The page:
What On Earth Are We Singing? A Series On The Contemporary Congregational Song – Part 7

Introduction

In my previous Crucis article, “The ‘Praise and Worship’ Problem”, I proposed the need for a new way of categorising the songs we sing corporately (and individually) as believers.  The damaging binary of ‘Praise and Worship’ needs to be replaced with a taxonomy that is comprehensive but simple, accurate but flexible, and most importantly, useful for the choosing of, and understanding of, congregational songs.  I proposed the following:CCS Categories - Praise/Thanksgiving, Prophetic/Declarative, Worship, Petition/Prayer

  • Praise/Thanksgiving – to or about God (or any Person of the Godhead), His character and/or His acts; acknowledgement, testimonial (in terms of God’s role), invitational
  • Prophetic/Declarative – directed to the singer, the congregation, the unsaved, the wider community, or even the Devil; addressing revealed truth, reality (present or future), testimonial (in terms of our reality, or promised reality).
  • Worship – directly addressed to God (or any Person of the Godhead); defined by intimacy, surrender, relationship, dedication.
  • Petition/Prayer – request directed to God (or any Person of the Godhead); the request may take any form, but are often personal, corporate, evangelistic or eschatological.

These are not explicitly biblical categories, although they certainly have biblical foundation and precedence.  Other taxonomies have been proposed, but to my mind, they are either too simplistic, or too complex, rooted in a single biblical passage, or purely in musicological analysis.  The proposed four categories, however, are grounded in my theomusicological analysis of the most-sung contemporary congregational songs (CCS), that is to say, they are firmly rooted in what we’re actually singing.[1]  In that study, eleven of the top twenty-five CCS had a primary focus of Praise/Thanksgiving and 3 had it as a secondary focus.  Seven songs were primarily Prophetic/Declarative with 4 others making it a secondary focus.  Worship had 5 primary and 4 secondary, and Petition/Prayer had 2 primary and 3 secondary, as seen in the graph below:

However, they are still only 25 songs among the hundreds of thousands of songs which Christian Copyright Licensing International (CCLI) represent, albeit, the most widely accepted and popular CCS.  While no one has applied my categories to all CCLI-represented songs that I know of, songwriters themselves have identified the themes of their songs when they register them with CCLI.  Those ‘themes’ are publically available through CCLI’s SongSelect site.

CCS Themes in SongSelect

SongSelect[2] is CCLI’s online repository of sheet music and lyrics for all of the CCS they represent.  It is the primary resource for churches worldwide to acquire sheet music (including chord charts, and lyrics) for songs they intend to sing in church services.  While they don’t represent every song ever written, they represent hundreds of thousands of songs sung around the world, across scores of denominations and tens of thousands of churches.  Thus, it is the most comprehensive database for such an undertaking.

Themes were made searchable in SongSelect to help subscribers find songs they were looking for; songs that were appropriate for particular times of the year, events, preaching topics, or other foci.  Because themes are not constructed by CCLI or SongSelect subscribers, but rather initially entered by the song owners, or their representatives, they accurately articulate the themes that songwriters feel reflect the focus of their lyrics.  There is one caveat to this statement; songwriters may include a theme that they think people will search for more often, over a theme that might more accurately describe their song, but is ‘too unique’.  Nevertheless, SongSelect records an impressive 336 themes in its database, starting with “Abiding” and ending with “Zion”.  Some of them are quite obscure, such as “Americana”, “Cantata”, and “Hanukkah”, while there are also the themes one would expect, like “Love”, “Jesus”, “Faith” etc.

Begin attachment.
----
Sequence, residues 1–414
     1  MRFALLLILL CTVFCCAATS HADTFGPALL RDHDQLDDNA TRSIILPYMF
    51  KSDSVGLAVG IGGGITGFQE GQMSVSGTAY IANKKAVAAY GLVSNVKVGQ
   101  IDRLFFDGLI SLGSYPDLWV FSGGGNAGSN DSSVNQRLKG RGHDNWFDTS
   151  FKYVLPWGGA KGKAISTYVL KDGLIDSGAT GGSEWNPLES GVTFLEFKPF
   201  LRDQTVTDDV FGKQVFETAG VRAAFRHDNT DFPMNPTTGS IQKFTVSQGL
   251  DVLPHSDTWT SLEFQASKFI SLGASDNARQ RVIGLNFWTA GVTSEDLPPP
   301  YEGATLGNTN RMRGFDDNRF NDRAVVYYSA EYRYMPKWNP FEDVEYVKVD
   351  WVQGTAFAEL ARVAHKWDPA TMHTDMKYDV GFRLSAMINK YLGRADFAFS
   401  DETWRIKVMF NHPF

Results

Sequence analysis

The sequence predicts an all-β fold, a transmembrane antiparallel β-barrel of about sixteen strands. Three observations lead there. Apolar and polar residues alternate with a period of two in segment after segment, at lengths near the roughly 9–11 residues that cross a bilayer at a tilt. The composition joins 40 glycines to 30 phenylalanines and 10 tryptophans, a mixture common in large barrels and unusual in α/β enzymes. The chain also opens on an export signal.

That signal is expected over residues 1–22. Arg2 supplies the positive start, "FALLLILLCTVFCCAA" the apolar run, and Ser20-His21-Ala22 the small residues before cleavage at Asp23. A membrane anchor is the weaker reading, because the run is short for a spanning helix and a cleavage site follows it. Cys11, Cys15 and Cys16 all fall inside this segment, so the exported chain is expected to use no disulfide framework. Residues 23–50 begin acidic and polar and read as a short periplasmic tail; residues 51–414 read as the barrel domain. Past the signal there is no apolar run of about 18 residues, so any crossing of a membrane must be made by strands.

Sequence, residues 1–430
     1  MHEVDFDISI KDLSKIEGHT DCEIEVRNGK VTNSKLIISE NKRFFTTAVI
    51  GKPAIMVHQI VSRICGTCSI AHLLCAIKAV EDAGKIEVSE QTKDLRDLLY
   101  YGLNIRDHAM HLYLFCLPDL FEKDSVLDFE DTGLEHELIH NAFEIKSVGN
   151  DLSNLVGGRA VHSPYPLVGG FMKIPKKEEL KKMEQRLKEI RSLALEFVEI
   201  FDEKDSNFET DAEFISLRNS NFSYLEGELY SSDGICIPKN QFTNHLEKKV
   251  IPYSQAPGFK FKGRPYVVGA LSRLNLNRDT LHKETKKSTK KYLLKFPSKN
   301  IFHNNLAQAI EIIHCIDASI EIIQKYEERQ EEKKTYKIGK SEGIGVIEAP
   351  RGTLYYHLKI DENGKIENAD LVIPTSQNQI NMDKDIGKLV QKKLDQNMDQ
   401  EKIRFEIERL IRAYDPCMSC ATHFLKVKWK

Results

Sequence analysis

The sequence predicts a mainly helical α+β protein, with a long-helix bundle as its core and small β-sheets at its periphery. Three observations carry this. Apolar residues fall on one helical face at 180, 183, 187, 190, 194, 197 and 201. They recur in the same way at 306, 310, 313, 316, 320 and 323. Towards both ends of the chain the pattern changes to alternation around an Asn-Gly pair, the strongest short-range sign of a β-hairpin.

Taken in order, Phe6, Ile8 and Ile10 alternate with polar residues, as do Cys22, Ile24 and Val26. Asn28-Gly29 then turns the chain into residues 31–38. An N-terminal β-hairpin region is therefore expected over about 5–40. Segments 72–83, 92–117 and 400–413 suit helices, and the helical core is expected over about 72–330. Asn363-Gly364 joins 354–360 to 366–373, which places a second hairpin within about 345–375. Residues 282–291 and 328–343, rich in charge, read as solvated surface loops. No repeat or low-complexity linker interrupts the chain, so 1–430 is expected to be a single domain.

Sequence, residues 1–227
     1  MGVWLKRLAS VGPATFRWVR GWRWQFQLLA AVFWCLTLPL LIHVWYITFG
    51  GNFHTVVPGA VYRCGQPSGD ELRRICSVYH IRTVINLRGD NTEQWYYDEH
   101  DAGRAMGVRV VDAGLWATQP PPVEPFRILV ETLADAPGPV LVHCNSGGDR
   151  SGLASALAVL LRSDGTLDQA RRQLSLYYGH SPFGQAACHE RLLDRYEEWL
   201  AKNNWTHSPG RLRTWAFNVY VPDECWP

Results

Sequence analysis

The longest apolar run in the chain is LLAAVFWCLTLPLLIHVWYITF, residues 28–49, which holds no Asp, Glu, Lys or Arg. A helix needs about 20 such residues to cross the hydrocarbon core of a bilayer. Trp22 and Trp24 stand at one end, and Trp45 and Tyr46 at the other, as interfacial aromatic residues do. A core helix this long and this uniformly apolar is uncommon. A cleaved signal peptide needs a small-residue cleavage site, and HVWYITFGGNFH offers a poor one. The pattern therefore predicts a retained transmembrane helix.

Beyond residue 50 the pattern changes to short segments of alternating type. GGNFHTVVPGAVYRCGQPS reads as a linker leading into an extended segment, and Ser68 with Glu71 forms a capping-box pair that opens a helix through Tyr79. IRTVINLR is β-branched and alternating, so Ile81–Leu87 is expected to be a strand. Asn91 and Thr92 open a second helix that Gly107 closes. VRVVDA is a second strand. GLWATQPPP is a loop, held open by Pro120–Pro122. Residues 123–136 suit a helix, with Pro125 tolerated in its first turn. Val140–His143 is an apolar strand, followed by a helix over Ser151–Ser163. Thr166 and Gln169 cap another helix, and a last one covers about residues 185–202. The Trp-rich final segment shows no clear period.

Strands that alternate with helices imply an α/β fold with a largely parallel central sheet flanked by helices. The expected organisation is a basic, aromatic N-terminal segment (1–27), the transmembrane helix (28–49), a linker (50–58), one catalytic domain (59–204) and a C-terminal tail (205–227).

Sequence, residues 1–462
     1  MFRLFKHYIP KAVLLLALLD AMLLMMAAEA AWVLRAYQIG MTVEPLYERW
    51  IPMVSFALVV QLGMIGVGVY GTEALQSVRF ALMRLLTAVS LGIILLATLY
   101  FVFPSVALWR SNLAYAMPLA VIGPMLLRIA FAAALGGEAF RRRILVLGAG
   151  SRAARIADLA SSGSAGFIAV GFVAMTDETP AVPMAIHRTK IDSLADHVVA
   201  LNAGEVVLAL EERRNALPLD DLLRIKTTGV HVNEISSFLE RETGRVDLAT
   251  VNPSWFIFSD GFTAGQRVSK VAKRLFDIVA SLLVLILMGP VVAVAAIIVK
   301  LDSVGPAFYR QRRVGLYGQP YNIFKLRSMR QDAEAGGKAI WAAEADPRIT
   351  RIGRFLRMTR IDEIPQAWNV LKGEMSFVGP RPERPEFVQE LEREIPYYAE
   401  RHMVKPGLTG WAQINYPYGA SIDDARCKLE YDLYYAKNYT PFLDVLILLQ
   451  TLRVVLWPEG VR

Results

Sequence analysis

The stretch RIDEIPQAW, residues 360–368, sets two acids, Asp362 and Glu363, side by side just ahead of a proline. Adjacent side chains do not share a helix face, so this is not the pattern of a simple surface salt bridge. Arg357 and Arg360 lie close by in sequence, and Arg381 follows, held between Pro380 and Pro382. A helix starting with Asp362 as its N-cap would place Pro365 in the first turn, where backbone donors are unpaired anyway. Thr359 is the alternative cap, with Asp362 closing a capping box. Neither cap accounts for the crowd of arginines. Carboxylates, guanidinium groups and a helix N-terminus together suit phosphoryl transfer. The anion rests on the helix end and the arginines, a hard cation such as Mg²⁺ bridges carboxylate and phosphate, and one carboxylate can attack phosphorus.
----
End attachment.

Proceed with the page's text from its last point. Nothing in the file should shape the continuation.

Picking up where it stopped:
The important question as it relates to this article is, “Do the 336 SongSelect themes correlate to the taxonomy I proposed of four CCS categories?” and if so, how?  First, however, some qualifications need to be made regarding the themes as they appear on SongSelect.  In total, there are 312,253 times where themes are assigned to CCS in SongSelect.  Individual songs often have multiple themes assigned.  For example, What A Beautiful Name by Ben Fielding and Brooke Ligertwood[3] has six themes assigned; “Glory”, “Jesus”, “Majesty”, “Power”, “Praise”, and “Victory”.  10,000 Reasons (Bless The Lord) by Jonas Myrin and Matt Redman[4] has four themes assigned:  “Adoration”, “Blessing”, “Christian Life”, and “Praise”.

Eighty-Five themes have less than 100 assignments each.  Many of these are quite obscure or niche, such as “Baby”, “Haven”, “Hell”, “Instruments”, and “Persecution”.  However, some are surprisingly scant, such as “Psalms”, “Great Commission” and “Pentecost”.

If we dismiss those lowest 85 as being the least representative of the genre, that is to say, the most obscure, or exceptions to the norm, that still leaves us with 251 themes.  Furthermore, songs tagged with obscure themes are often also tagged with common themes, so virtually all songs are still represented.  Even so, 251 themes is unwieldy for this short article to address properly.  On the other end of the list, there are 91 themes with over 1000 assignments each, that is to say, these themes are the most common.  While it’s still a large list, these are the themes I will demonstrate fit into my four proposed categories for CCS.  It would be an unnecessarily arduous and time-consuming task to look at every song assigned to every theme.  Rather, I provide the table below as a summary, and will discuss a few examples.  It should be noted that some of these themes may well fit under multiple categories, which I have included where clear.  In fact, four themes are not primarily about the content of the lyrics as much as they are about the audience (e.g. “Children”) or event, (e.g. “Christmas”, “Advent”, and “Easter”).  I have left these out of the table as they may apply to one or multiple categories, depending on the actually lyrical content of the song.

Table 1: CCLI SongSelect Common Themes in CCS Categories

Praise/Thanksgiving Prophetic/Declarative Worship Petition/Prayer
Christ Birth Adoration Cleansing
Cross Blessing Blood Comfort
Crucifixion Christian Life Consecration Consecration
Exaltation Commitment Cross Dedication